July 6, 2016
Chaumiere des Prairies: Recently bought at auction by the Ramseys of Ramsey Farm (after outbidding two developers). The Ramseys are restoring the property. While they won’t be able to return the gardens to their full glory, they do plan to put the lake back in. Tonight the new owner announced that they’re going to plant hemp on their acreage.
Rear of the house. The octagonal section at the end is the oldest, built in 1823, in anticipation of General Lafayette’s visit to Lexington
The stone rectangles above the windows were going to be inscribed with something in Lafayette’s honor, but he didn’t visit Chaumiere, so they left them blank.
Cupboard for wigs in the wig room just inside the octagonal section.
Some of Chaumiere’s history from BGT deTours* :
Colonel David Meade acquired some 330 acres of land in this area on which he created his version of Paradise [and built] gardens that were said to have rivaled those of Versailles. Of the original structures, only the octagonal room remains. The main house was built ca. 1840 by a subsequent owner.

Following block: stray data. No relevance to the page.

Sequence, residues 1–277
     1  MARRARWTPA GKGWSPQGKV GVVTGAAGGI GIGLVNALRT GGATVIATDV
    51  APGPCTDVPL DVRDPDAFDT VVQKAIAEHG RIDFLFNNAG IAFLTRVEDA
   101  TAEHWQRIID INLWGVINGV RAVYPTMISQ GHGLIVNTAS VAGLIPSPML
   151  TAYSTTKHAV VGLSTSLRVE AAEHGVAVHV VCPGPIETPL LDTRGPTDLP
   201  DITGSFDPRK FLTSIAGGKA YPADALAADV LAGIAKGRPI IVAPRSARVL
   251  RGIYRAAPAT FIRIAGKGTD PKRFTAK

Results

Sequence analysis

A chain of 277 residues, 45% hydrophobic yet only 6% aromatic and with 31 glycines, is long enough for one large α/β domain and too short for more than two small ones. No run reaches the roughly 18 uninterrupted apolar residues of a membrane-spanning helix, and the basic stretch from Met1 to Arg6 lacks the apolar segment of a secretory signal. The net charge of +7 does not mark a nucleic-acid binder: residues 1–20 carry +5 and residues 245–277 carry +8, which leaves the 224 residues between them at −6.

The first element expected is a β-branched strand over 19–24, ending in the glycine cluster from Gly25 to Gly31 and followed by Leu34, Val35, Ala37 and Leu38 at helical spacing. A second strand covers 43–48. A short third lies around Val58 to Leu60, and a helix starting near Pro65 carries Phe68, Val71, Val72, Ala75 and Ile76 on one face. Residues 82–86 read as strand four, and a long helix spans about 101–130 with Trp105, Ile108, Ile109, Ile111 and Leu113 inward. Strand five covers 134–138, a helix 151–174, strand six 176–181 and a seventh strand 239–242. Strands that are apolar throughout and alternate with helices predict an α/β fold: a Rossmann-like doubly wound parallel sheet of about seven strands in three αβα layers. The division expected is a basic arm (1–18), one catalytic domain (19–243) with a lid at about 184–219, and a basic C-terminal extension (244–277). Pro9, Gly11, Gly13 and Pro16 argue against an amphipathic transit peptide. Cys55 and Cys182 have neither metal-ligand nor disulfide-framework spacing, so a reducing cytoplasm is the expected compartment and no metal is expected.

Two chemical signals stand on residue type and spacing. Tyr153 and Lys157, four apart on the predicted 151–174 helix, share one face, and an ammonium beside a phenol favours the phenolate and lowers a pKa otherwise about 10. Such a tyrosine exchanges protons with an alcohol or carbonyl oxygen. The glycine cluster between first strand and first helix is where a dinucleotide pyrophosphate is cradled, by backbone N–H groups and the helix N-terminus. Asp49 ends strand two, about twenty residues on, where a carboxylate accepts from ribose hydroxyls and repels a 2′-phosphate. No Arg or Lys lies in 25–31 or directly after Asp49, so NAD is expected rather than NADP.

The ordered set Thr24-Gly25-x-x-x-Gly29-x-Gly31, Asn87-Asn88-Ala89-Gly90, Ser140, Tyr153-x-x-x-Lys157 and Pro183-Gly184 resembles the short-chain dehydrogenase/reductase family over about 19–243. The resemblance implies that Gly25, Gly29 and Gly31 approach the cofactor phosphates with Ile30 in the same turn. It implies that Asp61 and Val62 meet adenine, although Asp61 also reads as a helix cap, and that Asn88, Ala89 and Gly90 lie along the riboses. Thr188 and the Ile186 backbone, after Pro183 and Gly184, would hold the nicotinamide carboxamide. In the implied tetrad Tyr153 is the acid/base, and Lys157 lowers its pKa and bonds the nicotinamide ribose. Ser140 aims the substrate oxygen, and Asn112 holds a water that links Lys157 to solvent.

An auction following Colonel Meade’s death found the buyer a “plain practical farmer” following which neighbors erected a sign over the entrance to the state, with a Miltonian reference to the expulsion of Adam and Eve from the Garden of Eden: “Paradise Lost.”
Although the gardens are long gone and its site is 13 miles from Lexington’s city center, the Chaumiere des Prairies was another part of what made Lexington the Athens of the West.
*The award-winning BGT (Blue Grass Trust) deTours program is designed to provide tours of places you might not normally get to see, helping people interact with and learn about sites that make the Bluegrass special.
You don’t often get to see the basements in these historic homes. When BGT deTours hosts a tour, they arrange for us to have access to the entire house.